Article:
New Year’s resolutions have never been my thing.* But this year I’m going to make an exception because I have a few bad vocab habits I’m hoping to break. Here they are:
1. Save the (word) awesome
Dictionary.com defines awe as, “An overwhelming feeling of reverence, admiration, fear, etc. produced by that which is grand, sublime, extremely powerful or the like.”
In recent years, though, we have completely diluted its meaning by using awesome as an adjective to describe anything that we kinda, sorta like. In 2017 alone I have given the awesome seal of approval to all manner of pretty-good-but-hardly-awe-inspiring things — a certain pinot noir, traceless hair ties and my yoga mat, to name a few.
I can tell you from experience that a very good glass of red on the very worst of days has never come close to evoking in me the profoundly spiritual, all-over tingly feeling I get when I am backcountry skiing in the mountains of B.C., or when I’ve been graced by a surprise visit from a pod of orcas swimming by the cottage.
Therefore, to preserve the power of awesome for truly sublime experiences, I pledge to refrain from using the word for 12 months.
2. Stop should-ing all over myself — and all over you too!
I am starting to think that “should” is the most destructive word in the English language. The list of shoulds in my head is a mile long, not to mention contradictory. According to the overactive should sweatshop running through my consciousness, at any one moment I should be: working harder, reading more, worrying less, getting more organized, making more effort to see my friends, taking more time for self-care, worrying more about my kids, living in the moment, and doing my taxes. You get the picture — I can’t win the should game.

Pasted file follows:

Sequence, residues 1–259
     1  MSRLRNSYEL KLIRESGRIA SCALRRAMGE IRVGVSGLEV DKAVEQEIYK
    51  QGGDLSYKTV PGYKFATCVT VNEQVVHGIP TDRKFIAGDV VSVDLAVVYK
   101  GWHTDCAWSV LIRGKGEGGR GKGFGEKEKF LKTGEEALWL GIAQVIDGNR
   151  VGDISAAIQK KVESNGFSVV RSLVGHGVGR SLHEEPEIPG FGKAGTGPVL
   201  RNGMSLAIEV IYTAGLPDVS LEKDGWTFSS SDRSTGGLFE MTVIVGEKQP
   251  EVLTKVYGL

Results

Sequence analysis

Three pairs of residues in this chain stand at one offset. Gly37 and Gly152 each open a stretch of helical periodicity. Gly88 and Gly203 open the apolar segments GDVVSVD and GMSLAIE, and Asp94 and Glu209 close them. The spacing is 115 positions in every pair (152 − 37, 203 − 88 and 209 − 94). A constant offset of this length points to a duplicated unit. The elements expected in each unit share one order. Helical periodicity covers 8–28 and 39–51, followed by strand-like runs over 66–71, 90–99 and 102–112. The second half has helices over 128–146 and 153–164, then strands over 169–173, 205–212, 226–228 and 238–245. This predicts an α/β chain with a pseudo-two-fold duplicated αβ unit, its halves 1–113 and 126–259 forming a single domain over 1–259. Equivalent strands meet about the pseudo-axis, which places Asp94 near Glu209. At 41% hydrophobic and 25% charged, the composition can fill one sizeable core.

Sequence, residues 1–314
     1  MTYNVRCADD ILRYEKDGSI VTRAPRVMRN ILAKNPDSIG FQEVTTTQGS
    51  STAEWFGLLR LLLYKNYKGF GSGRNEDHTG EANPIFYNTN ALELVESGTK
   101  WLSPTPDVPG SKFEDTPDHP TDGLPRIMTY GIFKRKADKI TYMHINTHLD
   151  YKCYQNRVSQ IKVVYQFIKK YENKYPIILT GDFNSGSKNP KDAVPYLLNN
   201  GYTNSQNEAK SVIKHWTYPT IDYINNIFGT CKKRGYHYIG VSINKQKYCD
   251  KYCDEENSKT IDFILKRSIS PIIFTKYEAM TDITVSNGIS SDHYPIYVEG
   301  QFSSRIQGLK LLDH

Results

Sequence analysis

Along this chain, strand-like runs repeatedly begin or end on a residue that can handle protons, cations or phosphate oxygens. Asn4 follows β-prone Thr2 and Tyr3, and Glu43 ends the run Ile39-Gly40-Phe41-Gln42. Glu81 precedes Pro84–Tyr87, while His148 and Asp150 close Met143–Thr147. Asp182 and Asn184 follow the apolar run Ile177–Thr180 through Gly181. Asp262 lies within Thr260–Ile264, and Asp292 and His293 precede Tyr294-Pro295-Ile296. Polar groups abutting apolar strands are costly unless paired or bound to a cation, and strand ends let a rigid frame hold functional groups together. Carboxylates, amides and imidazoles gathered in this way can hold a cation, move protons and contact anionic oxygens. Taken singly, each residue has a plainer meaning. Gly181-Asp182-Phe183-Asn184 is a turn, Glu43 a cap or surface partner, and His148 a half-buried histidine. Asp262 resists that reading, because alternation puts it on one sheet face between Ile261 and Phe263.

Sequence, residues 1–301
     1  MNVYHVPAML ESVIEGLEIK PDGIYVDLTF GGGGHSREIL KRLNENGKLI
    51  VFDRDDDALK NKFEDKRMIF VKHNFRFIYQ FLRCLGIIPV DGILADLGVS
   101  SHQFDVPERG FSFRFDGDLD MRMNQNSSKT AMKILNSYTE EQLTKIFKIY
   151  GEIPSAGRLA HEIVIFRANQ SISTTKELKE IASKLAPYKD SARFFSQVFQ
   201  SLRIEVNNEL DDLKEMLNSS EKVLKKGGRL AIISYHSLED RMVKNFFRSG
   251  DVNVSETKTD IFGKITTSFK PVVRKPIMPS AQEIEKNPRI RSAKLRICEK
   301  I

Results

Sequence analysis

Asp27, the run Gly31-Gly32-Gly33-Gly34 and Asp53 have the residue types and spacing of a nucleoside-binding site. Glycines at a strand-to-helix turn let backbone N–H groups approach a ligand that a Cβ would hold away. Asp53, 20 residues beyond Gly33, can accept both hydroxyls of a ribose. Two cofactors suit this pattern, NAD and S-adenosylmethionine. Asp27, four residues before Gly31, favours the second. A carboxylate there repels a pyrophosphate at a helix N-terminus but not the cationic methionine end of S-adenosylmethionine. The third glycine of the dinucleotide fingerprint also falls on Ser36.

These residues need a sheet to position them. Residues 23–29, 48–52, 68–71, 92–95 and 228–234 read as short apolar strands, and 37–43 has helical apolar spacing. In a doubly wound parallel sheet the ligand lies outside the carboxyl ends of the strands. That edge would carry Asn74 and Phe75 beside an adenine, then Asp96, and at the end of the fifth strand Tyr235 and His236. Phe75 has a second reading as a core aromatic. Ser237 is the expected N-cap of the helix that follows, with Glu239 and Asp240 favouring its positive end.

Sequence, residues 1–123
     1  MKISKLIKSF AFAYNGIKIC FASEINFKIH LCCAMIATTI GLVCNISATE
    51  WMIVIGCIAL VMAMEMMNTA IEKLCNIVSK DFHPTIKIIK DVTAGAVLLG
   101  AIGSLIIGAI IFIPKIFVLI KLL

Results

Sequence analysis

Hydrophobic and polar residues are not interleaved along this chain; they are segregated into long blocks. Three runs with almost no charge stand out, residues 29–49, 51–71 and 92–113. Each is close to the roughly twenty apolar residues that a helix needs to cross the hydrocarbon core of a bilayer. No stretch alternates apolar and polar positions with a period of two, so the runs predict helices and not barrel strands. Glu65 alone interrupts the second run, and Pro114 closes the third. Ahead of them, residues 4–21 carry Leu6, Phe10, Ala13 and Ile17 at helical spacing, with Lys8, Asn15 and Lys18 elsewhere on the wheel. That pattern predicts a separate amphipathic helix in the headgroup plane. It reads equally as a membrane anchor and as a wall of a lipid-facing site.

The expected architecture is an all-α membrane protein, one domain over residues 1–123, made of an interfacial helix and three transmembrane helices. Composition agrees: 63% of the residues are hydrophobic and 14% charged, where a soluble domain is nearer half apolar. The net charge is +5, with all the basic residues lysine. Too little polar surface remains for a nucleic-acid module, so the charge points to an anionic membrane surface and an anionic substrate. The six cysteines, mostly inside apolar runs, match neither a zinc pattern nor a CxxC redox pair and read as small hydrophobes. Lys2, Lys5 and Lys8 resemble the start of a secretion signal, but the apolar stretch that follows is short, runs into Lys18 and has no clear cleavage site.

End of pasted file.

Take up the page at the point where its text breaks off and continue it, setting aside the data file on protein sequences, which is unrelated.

Neither can my family and friends. Despite my genuine intent to help, I’ve been should-ing all over people I care about. Rather than listening and empathizing, I’ve been trying to solve their problems with unwanted advice directives that often begin with, “You should…”
Lately, I’ve been trying to soften my approach by asking more questions and turning my impulse to “should” into something like, “Have you ever considered trying X?”
Earlier this year I heard Academy-Award winning actress Ellen Burstyn extol the wondrous benefits of “should-less days” on the podcast Death, Sex and Money. What a liberating idea. I going to try it for a year.
3. Ten percent less
When did “100 percent” stop being the answer to what you (wishful thinking) scored on your algebra exam and start meaning “I completely agree”?
I was finally winning the battle of nudging “literally” out of my vocabulary when “100 percent” crept its way in.
Well, I’m pushing back. No more “100 percent” for me. My yoga instructor keeps insinuating that I might want to consider joining the “10 percent less club” (my penchant to go overboard in all things physical is not doing my shoulders much good), so from now on I’m going to “90 percent” agree, max.
My resolutions won’t make me fitter, thinner or wealthier, but they will help me be a better communicator. For a word freak like me, there’s not much more I can hope for!
* Well, there was that one time – New Year’s Eve 1995 – when having spent the better part of the previous 14 months on the couch trying to nurse an extremely fussy first baby and soothing myself with mind-numbing daytime TV, I became hooked on the glamorous lives of Jack, Ashley, Victor and the rest of The Young and the Restless cast. The good news? When I finally came out of the baby fog that new year’s eve and resolved to quit daytime TV for good, I never went back, not even for Oprah.